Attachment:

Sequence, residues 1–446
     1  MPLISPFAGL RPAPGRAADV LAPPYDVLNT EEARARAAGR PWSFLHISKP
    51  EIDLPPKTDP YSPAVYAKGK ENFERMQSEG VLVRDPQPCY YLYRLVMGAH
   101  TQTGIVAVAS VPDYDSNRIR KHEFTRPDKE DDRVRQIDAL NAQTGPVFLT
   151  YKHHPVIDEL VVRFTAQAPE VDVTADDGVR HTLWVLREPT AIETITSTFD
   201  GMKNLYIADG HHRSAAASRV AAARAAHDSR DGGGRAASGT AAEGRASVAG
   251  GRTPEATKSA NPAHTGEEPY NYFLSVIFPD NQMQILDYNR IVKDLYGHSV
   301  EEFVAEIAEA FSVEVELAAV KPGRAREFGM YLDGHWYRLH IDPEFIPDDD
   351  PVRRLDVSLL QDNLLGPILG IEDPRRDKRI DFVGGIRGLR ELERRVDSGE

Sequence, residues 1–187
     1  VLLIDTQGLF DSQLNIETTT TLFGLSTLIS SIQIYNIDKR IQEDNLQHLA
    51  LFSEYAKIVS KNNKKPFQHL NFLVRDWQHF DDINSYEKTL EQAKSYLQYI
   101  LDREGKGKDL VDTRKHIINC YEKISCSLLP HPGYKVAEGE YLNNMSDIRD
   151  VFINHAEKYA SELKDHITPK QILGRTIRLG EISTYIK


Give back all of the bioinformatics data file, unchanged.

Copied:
Sequence, residues 1–446
     1  MPLISPFAGL RPAPGRAADV LAPPYDVLNT EEARARAAGR PWSFLHISKP
    51  EIDLPPKTDP YSPAVYAKGK ENFERMQSEG VLVRDPQPCY YLYRLVMGAH
   101  TQTGIVAVAS VPDYDSNRIR KHEFTRPDKE DDRVRQIDAL NAQTGPVFLT
   151  YKHHPVIDEL VVRFTAQAPE VDVTADDGVR HTLWVLREPT AIETITSTFD
   201  GMKNLYIADG HHRSAAASRV AAARAAHDSR DGGGRAASGT AAEGRASVAG
   251  GRTPEATKSA NPAHTGEEPY NYFLSVIFPD NQMQILDYNR IVKDLYGHSV
   301  EEFVAEIAEA FSVEVELAAV KPGRAREFGM YLDGHWYRLH IDPEFIPDDD
   351  PVRRLDVSLL QDNLLGPILG IEDPRRDKRI DFVGGIRGLR ELERRVDSGE

Sequence, residues 1–187
     1  VLLIDTQGLF DSQLNIETTT TLFGLSTLIS SIQIYNIDKR IQEDNLQHLA
    51  LFSEYAKIVS KNNKKPFQHL NFLVRDWQHF DDINSYEKTL EQAKSYLQYI
   101  LDREGKGKDL VDTRKHIINC YEKISCSLLP HPGYKVAEGE YLNNMSDIRD
   151  VFINHAEKYA SELKDHITPK QILGRTIRLG EISTYIK